C: Bluebeat Lounge is the newest of my endeavors, and has been a lot of fun so far. We've had two shows: the grand opening with SeeSot, and last night with Vic Ruggiero playing solo. I play each week. The LA traditional scene used to be pretty huge, but like ska scenes everywhere, has dwindled a bit (although it's still pretty cool). Over the past few years there has tended to be a great show every two or three months, with large periods of time where there's not really much going on. My goal for Bluebeat Lounge is to provide a regular series of smaller events that will provide a situation where people can come out frequently and feel part of a scene again, as well as providing opportunities for good acts to play in front of cool audiences. The Alterknit is pretty small, about 60-100 capacity depending on how many tables are out. Last night we had about 100 people in the room and you could barely move around. We had to turn some people away. I'll be reissuing The 4-Track Adventures on Asian Man this spring, which has been out of print since Moon Records closed shop. I'm part way through recording an album with The Slackers backing me on my songs. It's tough to schedule things with The Slackers because they tour so much. We were planning to finish up the recordings in February, but the studio is currently changing locations, so we'll pick it up as soon as we can. As always, I'm writing songs. Last year I started to do some co-writing with Neville Staple of The Specials. We have now written eleven songs together, plan to keep writing together, and ultimately record a collaborative album when we feel we have the right material. That's been a lot of fun. Neville's a very spontaneous writer, and I'm much more of an editing/songcrafting type writer. So I feel like the combination of our styles has been very complementary.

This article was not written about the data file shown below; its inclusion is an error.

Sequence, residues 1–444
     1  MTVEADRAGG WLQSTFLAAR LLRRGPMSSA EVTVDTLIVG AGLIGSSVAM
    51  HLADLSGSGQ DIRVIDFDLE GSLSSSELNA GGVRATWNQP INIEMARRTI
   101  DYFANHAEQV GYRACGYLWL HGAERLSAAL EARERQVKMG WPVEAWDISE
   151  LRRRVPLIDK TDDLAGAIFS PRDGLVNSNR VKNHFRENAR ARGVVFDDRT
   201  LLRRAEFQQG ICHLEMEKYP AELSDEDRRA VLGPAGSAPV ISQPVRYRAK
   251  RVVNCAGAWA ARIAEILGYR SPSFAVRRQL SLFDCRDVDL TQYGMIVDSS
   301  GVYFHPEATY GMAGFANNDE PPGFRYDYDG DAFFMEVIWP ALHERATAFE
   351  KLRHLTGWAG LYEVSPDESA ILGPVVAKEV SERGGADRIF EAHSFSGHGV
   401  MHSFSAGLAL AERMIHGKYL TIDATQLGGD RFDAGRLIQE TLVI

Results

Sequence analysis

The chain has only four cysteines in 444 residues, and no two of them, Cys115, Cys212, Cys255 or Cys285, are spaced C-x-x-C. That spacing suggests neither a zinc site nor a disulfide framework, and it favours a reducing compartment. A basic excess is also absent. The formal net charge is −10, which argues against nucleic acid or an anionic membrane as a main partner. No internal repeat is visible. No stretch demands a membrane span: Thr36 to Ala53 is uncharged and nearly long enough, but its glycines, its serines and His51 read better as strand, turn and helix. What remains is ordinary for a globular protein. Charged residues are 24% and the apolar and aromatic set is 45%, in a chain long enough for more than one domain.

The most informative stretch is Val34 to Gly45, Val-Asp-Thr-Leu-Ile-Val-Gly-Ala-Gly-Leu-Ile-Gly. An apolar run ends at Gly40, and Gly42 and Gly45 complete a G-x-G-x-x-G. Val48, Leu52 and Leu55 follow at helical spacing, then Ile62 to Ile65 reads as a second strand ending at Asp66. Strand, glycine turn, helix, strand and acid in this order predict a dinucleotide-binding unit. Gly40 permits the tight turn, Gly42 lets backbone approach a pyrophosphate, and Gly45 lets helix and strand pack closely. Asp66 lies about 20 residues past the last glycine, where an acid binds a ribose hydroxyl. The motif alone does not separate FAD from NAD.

V: What do you do when you're not out living the life of a musical gypsy?

C: These days, I wouldn't say I'm living the life of a musical gypsy, although I've definitely had plenty of that. There were a few years when I didn't really have an address and was mostly touring, staying with friends wherever I happened to be, or sleeping in the old King Apparatus van. My life at present is actually pretty stable. I keep as busy as I can with all the different projects I have on the go, and there are so many of them at any given time that it's not so hard to keep busy. Overall, I don't do much that isn't somehow involved with my career in music.

V: You wouldn't happen to study dogs, would you? Because we have this running debate here, as to whether or not dogs have lips. We ask everyone. What's your take on the subject?

C: I don't really study dogs, but I do have a couple and I just checked them out. It seems like mine have lower lips, but not upper lips. Perhaps it's not correct to say that dogs have lips, but that a dog has a lip.

V: Now do me one last favor and tell the world what Chris Murray's gonna do in 2003. I'll tell them where to go to get your new record.

C: My plans for 2003 are mostly to keep moving forward with the projects that are already in process: Bluebeat Lounge, the album with The Slackers, writing with Neville, and playing shows. I have no doubt that other projects will arise as some of these come to completion. Other than that, I'd love to do more co-writing with various artists for their recording projects. For a long time while I was in King Apparatus, I never co-wrote with anyone. Since then co-writing has been something I've enjoyed a lot and has resulted in songs I know I never would have written on my own.